It has been a while! Here is the final post to a small series I was writing on Dharma Talks. The posts were inspired by my reading of the Diamond Sutra, so it is fitting that this one brings His Holiness the Dalai Lama and a verse from the Diamond Sutra together!
How should a teacher approach teaching the Dharma?
This question is primarily directed at those we obviously take to be teachers – the ones sitting at the front talking, the ones whose pictures seem to be all over the Buddhist magazines, and the ones we call ‘Roshi’, ‘Sensei,’ ‘Venerable’, and so on.
But the question is wider than this. It applies to all of us, whether we blog, talk with a friend about Buddhism, sit, stand, walk, or lie down. The teachings of the Buddha are not just the words we read or hear and so the teaching of Buddhism is not just the speaking or writing about it!
His Holiness the Dalai Lama answers this question. Before ascending the teacher’s seat, he performs prostrations. He says, “In so doing, I [am] paying homage to the words of the Buddha that I am going to interpret. If I were really some very important person, there wold be no need for me to perform such prostrations. It would be enough for me simply to sit up here and look impressive. But if the truth be known, I consider myself just a very simple Buddhist monk, a follower of the Buddha who interprets and shares his words.”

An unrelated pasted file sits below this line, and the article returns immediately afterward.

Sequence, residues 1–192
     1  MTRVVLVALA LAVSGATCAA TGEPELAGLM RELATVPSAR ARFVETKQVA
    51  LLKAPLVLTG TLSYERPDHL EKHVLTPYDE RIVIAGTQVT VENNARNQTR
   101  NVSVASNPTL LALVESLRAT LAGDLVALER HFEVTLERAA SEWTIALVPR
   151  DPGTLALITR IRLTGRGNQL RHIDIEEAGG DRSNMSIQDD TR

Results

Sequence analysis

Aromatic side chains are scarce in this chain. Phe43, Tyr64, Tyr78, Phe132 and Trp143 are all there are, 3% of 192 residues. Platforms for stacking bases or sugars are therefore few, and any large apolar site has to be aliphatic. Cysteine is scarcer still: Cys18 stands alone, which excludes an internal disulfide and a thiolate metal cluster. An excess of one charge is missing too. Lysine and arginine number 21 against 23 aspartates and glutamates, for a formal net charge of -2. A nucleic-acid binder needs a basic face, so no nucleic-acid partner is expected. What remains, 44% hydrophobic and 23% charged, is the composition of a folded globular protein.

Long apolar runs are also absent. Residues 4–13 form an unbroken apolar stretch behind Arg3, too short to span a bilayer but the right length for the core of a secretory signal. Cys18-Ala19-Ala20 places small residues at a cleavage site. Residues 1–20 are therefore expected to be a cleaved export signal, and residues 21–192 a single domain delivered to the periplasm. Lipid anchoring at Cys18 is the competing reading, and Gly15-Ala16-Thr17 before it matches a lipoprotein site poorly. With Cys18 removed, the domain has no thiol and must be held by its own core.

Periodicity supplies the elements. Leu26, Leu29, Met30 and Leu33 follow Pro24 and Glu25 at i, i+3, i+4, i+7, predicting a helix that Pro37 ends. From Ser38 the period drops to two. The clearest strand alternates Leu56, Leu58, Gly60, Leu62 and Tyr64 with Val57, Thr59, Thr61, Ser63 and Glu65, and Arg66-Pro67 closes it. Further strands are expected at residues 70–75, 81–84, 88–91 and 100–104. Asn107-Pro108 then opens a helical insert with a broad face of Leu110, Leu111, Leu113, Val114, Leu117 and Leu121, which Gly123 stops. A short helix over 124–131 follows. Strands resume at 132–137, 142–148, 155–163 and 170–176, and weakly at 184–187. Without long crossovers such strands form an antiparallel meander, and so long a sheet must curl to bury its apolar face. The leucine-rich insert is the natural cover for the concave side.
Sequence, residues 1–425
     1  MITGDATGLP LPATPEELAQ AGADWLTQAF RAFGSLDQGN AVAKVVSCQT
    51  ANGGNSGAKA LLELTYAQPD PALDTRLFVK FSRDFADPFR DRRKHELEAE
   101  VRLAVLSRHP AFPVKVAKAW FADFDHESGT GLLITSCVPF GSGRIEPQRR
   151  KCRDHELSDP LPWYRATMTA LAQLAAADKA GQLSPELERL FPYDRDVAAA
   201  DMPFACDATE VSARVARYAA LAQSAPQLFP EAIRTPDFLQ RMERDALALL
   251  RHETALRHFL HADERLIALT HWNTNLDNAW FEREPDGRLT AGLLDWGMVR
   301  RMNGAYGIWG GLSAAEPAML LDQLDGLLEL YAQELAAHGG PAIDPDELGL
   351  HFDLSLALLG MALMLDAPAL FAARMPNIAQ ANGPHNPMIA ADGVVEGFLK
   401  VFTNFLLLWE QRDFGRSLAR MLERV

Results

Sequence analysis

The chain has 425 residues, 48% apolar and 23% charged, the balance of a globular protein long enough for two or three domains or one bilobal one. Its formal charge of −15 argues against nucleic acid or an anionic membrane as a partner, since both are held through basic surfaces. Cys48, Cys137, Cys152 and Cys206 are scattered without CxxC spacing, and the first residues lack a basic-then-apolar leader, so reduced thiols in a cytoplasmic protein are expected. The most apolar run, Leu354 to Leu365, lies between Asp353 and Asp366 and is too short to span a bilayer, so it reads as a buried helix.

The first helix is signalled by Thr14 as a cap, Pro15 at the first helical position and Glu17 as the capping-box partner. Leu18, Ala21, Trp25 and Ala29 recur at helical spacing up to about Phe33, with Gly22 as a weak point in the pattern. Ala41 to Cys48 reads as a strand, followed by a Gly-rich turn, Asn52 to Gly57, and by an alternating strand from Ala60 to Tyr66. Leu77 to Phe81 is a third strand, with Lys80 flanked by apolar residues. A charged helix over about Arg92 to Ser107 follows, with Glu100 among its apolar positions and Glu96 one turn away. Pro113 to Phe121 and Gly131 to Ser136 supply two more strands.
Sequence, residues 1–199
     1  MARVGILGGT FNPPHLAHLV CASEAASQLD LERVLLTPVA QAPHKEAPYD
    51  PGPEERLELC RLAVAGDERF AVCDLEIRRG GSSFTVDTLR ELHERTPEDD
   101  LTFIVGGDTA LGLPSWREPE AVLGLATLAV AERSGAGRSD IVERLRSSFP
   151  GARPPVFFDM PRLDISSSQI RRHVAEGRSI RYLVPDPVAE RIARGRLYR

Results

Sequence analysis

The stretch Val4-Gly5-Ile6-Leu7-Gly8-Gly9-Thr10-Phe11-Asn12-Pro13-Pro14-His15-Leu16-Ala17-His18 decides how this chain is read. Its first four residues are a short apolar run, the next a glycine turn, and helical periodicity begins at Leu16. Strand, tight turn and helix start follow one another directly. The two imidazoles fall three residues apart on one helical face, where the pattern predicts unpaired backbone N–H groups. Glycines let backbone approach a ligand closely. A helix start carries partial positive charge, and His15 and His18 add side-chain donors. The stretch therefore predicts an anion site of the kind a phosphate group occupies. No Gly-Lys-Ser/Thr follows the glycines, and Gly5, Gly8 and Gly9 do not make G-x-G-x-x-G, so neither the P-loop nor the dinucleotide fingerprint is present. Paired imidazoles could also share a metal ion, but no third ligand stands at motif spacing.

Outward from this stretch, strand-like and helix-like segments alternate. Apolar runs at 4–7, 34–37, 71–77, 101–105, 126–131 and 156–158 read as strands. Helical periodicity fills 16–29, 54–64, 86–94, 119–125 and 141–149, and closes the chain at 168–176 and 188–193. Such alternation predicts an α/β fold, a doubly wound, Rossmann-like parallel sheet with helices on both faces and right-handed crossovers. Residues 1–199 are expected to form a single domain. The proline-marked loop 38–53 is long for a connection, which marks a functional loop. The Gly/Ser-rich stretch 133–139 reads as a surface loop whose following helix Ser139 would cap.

He then goes on to say that traditionally, whenever someone takes up the teacher’s seat, they recite this verse from the Diamond Sutra:
Regard all compounded things in this way –
Like stars, hallucinations, and flickering lamps,
Like illusions, dewdrops, and bubbles on water,
Like dream images, flashes of lightning, and clouds.
Why would they recite this?
His Holiness the Dalai Lama goes on: “At that instant, [she] recalls the impermanence of everything; [she] reflects on suffering and brings to mind the lack of identity in things. Otherwise, when you sit on a throne [teacher’s seat], there is a risk that you might start to feel proud of yourself. The mind of the one who explains the teaching must be peaceful, tamed, and free from any trace of arrogance and pride.”
With that, I offer these posts on teaching to you. May we all be teachers of the Buddhadharma! May we cut through our delusions with wisdom, overturn our pride and arrogance with compassion and loving kindness, and see in our suffering the seeds of peace and happiness!
(Note: The quotes from His Holiness the Dalai Lama can be found in Mind in Comfort and Ease: The Vision of Enlightenment in the Great Perfection, page 10. I have made some changes to achieve gender inclusiveness and for explanatory purposes. These are marked with brackets. The verse quoted above is from the final chapter of the Diamond Sutra.)